An interesting thing is happening in the media. The idea that maybe Republicans aren't so popular keeps popping up in discussion. The latest is Chris Cillizza, reviewing the same WaPo poll we did and coming to similar conclusions:
McConnell is on far shakier rhetorical ground, however, when he argues that Republicans "got our groove back" by breaking out of the "Washington echo chamber" to listen to and empathize with voters.
Poll after poll suggests that voters are far from sold on the Republican brand and that the rise of GOP fortunes is directly tied to an erosion of confidence in Obama and the Democratic party not any Republican renaissance.
Again, the Post poll. Forty-three percent of those tested said that they had either a "great deal" or a "good amount" of confidence in Obama to make the right decisions for the country while 32 percent said the same of Democrats in Congress and just 26 percent said it of Republicans in Congress.
As long as Republicans, like the ones in Maine, are crusading against "any participation in efforts to create a one world government," Republicans will remain on shaky ground.
Not really a surprise here. After all, teabaggers are Republicans, as the Maine platform makes clear:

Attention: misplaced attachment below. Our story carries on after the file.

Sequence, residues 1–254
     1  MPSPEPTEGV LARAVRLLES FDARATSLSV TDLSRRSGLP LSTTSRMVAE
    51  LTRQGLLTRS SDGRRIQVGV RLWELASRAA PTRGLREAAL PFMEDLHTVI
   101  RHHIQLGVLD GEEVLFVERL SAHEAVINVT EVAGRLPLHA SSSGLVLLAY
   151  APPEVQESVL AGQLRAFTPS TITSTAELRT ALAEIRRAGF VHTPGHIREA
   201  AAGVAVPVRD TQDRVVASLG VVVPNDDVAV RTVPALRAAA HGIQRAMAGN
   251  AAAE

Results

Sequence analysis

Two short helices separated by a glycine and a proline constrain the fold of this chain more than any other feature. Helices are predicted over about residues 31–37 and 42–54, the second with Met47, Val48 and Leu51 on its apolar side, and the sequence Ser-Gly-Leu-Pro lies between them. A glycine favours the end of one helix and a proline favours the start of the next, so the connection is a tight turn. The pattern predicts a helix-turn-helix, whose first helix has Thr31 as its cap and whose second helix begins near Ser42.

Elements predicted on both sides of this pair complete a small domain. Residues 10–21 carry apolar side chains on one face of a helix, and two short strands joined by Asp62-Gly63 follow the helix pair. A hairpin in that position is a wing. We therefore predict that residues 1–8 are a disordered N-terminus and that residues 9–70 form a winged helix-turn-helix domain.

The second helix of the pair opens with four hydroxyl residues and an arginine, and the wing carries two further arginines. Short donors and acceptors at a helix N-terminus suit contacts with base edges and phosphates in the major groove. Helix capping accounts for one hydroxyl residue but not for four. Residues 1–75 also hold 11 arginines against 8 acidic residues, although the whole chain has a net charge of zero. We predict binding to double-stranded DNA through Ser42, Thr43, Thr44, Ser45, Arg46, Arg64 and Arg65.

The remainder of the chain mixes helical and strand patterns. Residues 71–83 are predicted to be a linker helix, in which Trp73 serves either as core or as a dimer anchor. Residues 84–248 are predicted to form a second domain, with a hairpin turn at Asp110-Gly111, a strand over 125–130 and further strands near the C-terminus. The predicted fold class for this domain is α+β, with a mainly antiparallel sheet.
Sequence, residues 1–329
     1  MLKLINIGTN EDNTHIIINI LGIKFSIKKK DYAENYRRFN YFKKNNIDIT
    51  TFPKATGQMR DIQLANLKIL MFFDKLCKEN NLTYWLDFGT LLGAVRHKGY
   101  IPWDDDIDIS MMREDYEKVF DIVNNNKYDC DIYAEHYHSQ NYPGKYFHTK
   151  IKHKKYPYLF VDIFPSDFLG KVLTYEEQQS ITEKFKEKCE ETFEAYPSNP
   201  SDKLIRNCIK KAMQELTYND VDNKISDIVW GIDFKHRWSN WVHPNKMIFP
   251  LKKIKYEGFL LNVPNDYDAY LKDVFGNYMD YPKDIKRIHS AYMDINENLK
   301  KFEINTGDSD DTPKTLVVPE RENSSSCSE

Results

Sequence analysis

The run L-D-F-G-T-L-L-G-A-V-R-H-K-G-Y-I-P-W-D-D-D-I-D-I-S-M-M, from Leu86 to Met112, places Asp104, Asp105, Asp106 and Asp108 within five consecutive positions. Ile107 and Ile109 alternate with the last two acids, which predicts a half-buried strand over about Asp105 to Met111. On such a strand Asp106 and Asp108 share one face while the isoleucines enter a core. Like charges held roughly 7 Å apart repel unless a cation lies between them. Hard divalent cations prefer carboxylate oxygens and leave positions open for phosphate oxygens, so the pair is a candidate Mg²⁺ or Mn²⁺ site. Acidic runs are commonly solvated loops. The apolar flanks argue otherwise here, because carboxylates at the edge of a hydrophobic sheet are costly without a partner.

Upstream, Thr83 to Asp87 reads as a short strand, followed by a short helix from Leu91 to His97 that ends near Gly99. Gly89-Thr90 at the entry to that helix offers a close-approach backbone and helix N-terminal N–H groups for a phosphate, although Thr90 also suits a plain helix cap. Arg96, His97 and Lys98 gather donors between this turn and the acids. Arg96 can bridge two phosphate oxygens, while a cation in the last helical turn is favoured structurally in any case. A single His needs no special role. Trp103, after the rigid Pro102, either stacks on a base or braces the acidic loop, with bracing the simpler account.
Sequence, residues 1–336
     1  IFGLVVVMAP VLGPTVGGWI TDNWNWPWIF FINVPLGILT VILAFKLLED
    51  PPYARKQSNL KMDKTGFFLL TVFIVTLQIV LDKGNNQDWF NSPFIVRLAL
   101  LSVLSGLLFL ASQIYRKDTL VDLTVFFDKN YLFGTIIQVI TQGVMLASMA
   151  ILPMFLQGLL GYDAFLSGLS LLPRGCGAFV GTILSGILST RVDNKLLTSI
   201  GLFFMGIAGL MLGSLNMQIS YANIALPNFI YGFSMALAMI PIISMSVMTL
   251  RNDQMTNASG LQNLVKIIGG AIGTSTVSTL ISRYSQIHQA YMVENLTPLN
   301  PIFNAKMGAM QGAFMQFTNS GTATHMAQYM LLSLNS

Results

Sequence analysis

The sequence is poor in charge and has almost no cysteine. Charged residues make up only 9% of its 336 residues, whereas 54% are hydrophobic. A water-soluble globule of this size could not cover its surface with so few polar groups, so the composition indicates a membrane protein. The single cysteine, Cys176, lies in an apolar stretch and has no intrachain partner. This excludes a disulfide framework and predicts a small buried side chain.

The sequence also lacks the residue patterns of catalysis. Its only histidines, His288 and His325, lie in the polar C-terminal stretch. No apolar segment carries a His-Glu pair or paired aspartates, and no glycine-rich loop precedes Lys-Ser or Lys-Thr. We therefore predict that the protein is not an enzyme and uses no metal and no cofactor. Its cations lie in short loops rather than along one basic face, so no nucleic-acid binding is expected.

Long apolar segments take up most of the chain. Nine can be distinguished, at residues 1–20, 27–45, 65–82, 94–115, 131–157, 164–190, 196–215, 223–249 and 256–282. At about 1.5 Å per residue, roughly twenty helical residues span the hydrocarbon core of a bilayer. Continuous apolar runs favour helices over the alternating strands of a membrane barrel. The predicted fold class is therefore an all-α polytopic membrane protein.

The Tea Party movement is reminiscent of the principled revolt that led to the birth of the Republican Party in 1854. In June of that year, Horace Greeley referred to the newly formed Republicans as “...united to restore the Union to its true mission of champion and promulgator of Liberty...". This year it is incumbent upon those Republicans who strive to protect and defend our Constitution, to reclaim that heritage.
The idea that disappointment in the Democrats is a rush to embrace Republicans has no basis in fact. That won't by itself save Democrats in November, but it certainly is a mitigating factor that the public has not yet forgotten George W. Bush and the damage he did when Republicans were in charge (his favorability ratings are still in the 20's). Noted as well is the last NBC/WSJ poll (.pdf), where blame for the economy was Bush 43, Obama 27. Check out any poll for who can handle problems better, and you'll find a trust gap that, while smaller than it was, still favors Democrats. This is the same WaPo poll:
See also Pew from late June:
But the continuing problem for Democrats is older voters. The future may belong to Democrats, but as Pew clearly shows, this ain't the future just yet.
Some of the enthusiasm gap may close by November, some may not, but this is where it is now.
Bottom line: Expect significant Republican pick-ups this fall, but they'll be less than they could have been because of the extremism of the Republican Party/Tea party coupled with lingering distaste of the Bush years. That distaste shows up even in the polls favoring Republicans. This suggests that some, at least, of the anti-Democratic Party vote is still not set in stone, since the alternative is hardly beloved.